Funding agencies: This work was supported by Cancer Research UK and the Ataxia Telangiectasia Society.
Very mild presentation in adult with classical cellular phenotype of ataxia telangiectasia
Article first published online: 9 NOV 2012
Copyright © 2012 Movement Disorders Society
Volume 28, Issue 4, pages 524–528, April 2013
How to Cite
Worth, P. F., Srinivasan, V., Smith, A., Last, J. I., Wootton, L. L., Biggs, P. M., Davies, N. P., Carney, E. F., Byrd, P. J. and Taylor, A. M. R. (2013), Very mild presentation in adult with classical cellular phenotype of ataxia telangiectasia. Mov. Disord., 28: 524–528. doi: 10.1002/mds.25236
Relevant conflicts of interest/financial disclosures: Nothing to report.
Full financial disclosures and author roles may be found in the online version of this article.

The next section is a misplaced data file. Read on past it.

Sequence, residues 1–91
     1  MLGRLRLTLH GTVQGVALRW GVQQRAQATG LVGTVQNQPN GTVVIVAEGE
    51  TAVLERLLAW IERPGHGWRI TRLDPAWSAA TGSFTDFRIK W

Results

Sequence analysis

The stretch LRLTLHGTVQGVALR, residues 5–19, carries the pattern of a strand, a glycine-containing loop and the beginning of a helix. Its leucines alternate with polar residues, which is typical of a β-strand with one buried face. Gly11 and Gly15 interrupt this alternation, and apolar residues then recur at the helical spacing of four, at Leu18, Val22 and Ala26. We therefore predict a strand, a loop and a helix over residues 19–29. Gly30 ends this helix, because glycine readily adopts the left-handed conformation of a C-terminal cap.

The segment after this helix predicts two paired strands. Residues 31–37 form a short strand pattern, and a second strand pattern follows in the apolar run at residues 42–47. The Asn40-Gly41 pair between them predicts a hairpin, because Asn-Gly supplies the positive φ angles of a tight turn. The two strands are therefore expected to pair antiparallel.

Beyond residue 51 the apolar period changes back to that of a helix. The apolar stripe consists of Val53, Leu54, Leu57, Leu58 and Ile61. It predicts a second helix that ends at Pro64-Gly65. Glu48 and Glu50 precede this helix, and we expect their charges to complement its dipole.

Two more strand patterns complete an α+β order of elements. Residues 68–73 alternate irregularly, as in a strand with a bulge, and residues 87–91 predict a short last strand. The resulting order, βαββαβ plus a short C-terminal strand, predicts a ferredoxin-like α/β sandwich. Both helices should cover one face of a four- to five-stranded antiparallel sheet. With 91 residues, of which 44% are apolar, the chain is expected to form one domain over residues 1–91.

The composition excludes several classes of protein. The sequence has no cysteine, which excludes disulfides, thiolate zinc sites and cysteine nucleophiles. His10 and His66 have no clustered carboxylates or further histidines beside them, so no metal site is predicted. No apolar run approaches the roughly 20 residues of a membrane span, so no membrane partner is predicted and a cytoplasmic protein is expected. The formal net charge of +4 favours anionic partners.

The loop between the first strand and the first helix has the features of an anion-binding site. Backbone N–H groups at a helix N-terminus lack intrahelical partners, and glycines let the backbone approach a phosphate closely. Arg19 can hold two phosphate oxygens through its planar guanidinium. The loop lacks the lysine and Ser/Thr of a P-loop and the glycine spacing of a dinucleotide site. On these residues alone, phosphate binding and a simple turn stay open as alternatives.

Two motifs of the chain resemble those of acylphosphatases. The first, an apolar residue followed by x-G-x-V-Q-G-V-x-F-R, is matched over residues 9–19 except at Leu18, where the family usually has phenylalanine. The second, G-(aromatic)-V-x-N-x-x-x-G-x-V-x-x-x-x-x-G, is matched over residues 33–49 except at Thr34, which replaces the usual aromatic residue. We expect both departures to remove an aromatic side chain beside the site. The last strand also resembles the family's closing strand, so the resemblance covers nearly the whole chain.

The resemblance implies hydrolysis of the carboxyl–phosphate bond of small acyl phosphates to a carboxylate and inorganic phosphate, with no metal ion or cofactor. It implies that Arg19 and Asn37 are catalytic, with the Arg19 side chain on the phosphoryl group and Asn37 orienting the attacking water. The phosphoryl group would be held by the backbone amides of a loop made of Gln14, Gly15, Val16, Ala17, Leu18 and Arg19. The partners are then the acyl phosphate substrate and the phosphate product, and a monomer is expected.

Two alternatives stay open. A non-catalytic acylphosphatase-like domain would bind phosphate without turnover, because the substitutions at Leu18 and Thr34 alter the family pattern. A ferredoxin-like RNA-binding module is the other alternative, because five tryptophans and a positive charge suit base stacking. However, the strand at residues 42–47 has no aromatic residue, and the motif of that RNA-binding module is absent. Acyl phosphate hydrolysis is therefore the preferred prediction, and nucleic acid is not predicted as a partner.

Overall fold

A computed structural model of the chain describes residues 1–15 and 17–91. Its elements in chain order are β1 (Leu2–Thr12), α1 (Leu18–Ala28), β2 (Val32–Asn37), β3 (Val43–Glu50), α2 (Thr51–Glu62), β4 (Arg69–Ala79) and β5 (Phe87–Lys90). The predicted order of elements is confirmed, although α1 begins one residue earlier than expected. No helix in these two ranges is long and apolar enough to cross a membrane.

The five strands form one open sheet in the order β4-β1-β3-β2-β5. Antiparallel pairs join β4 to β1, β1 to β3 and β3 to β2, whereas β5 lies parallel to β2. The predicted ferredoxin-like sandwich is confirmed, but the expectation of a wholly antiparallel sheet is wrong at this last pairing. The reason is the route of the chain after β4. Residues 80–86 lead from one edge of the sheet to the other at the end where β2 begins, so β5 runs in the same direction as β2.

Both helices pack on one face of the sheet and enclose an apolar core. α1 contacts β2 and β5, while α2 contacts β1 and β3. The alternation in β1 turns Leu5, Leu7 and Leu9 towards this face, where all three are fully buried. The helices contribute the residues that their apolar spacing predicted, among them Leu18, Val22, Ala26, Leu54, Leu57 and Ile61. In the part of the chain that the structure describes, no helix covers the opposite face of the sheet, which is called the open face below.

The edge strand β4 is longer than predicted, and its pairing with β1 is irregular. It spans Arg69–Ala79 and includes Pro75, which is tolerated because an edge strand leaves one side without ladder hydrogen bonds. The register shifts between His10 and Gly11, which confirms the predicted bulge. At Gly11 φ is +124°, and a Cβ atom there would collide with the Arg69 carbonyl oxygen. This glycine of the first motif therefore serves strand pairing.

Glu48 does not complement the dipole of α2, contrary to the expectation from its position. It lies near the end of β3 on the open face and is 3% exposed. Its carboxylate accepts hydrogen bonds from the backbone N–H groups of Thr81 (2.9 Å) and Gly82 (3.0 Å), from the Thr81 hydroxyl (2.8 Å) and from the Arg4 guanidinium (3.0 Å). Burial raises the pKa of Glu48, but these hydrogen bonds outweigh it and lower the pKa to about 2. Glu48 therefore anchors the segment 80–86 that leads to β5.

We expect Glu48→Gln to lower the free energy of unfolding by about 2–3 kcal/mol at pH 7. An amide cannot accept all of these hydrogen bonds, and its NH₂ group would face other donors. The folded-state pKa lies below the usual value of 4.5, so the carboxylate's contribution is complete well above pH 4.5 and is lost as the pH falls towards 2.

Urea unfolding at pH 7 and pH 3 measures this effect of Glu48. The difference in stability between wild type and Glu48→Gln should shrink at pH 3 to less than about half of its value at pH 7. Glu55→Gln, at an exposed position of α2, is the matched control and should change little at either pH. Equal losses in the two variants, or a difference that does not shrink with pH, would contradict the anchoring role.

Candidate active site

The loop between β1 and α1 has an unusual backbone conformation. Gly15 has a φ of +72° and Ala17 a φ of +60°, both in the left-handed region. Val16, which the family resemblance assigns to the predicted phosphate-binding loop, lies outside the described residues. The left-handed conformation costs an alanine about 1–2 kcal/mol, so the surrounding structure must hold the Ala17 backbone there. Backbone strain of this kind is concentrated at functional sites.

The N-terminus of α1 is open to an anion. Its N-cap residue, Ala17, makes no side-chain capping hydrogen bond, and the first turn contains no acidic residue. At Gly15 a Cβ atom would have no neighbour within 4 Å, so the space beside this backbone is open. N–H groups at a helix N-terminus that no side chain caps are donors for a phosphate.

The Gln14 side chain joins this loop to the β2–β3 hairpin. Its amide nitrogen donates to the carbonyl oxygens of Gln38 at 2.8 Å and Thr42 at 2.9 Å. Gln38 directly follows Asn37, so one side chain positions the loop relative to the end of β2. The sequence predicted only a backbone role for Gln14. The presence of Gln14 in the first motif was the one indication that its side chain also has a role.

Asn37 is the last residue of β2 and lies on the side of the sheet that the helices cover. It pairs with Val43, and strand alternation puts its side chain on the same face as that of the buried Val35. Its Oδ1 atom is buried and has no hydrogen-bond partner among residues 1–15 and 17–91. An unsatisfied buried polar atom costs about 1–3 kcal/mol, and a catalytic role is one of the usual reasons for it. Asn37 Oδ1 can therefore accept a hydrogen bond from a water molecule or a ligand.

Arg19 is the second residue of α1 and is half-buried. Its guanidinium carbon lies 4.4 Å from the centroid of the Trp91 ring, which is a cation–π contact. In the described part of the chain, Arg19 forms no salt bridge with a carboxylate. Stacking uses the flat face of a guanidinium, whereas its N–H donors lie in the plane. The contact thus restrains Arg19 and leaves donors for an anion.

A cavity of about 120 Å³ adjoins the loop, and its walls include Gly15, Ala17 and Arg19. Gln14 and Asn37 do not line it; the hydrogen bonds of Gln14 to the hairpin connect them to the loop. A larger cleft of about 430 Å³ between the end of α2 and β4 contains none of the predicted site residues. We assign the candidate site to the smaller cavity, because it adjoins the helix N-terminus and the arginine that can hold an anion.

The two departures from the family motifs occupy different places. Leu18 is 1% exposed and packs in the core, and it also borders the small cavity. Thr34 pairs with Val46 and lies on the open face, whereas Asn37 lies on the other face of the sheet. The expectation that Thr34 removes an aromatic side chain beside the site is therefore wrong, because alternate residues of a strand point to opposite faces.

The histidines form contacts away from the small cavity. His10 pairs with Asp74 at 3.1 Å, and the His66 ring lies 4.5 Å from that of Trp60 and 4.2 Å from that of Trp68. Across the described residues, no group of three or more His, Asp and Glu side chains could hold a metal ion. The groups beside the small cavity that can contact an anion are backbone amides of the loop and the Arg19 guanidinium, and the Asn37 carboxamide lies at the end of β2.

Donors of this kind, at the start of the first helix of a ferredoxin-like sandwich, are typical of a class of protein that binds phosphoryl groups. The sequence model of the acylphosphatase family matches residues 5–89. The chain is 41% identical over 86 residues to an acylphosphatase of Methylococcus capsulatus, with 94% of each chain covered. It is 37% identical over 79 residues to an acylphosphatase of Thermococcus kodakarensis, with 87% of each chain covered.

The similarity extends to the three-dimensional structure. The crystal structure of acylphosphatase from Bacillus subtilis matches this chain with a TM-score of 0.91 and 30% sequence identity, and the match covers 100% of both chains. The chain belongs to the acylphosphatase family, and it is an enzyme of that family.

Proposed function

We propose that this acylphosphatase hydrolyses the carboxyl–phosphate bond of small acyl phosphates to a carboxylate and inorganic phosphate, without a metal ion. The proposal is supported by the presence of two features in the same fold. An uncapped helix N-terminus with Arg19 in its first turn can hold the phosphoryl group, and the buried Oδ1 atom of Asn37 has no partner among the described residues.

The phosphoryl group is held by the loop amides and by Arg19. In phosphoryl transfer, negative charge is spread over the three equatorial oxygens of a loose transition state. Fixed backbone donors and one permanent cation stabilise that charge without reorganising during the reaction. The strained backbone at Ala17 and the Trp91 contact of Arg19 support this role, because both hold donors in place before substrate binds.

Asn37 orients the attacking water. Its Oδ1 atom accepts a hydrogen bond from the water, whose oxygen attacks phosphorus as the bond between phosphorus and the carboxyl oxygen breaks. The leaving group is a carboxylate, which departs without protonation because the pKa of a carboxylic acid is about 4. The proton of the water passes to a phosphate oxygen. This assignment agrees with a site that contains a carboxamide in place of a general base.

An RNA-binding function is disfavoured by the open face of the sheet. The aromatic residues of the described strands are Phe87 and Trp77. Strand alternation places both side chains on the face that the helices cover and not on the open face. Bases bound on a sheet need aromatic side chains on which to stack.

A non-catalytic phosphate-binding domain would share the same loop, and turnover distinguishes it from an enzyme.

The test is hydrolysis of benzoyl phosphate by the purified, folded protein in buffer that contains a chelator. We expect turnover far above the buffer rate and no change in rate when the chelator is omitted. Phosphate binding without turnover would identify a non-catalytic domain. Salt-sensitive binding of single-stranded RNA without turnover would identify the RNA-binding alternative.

- Issue published online: 8 APR 2013
- Article first published online: 9 NOV 2012
- Manuscript Accepted: 9 SEP 2012
- Manuscript Revised: 30 AUG 2012
- Manuscript Received: 8 FEB 2012
- ataxia telangiectasia;
The major clinical feature of ataxia telangiectasia (A-T) is severe progressive neurodegeneration with onset in infancy. This classical A-T phenotype is caused by biallelic null mutations in the ATM gene, leading to the absence of ATM protein and increased cellular radiosensitivity. We report an unusual case of A-T in a 41-year-old mother, A-T210, who had very mild neurological symptoms despite complete loss of ATM protein.
A neurological examination was performed, cellular radiosensitivity was assessed, and the ATM gene was sequenced. Skin fibroblasts and a lymphoblastoid cell line (LCL) were assayed for ATM protein expression and kinase activity.
Patient A-T210 showed mild chorea, dystonia, and gait ataxia, walked independently, and drove a car. LCL and skin fibroblasts were radiosensitive and did not express ATM protein. Two ATM-null mutations were identified.
The severe neurodegeneration resulting from loss of ATM can be mitigated in some circumstances. © 2012 Movement Disorder Society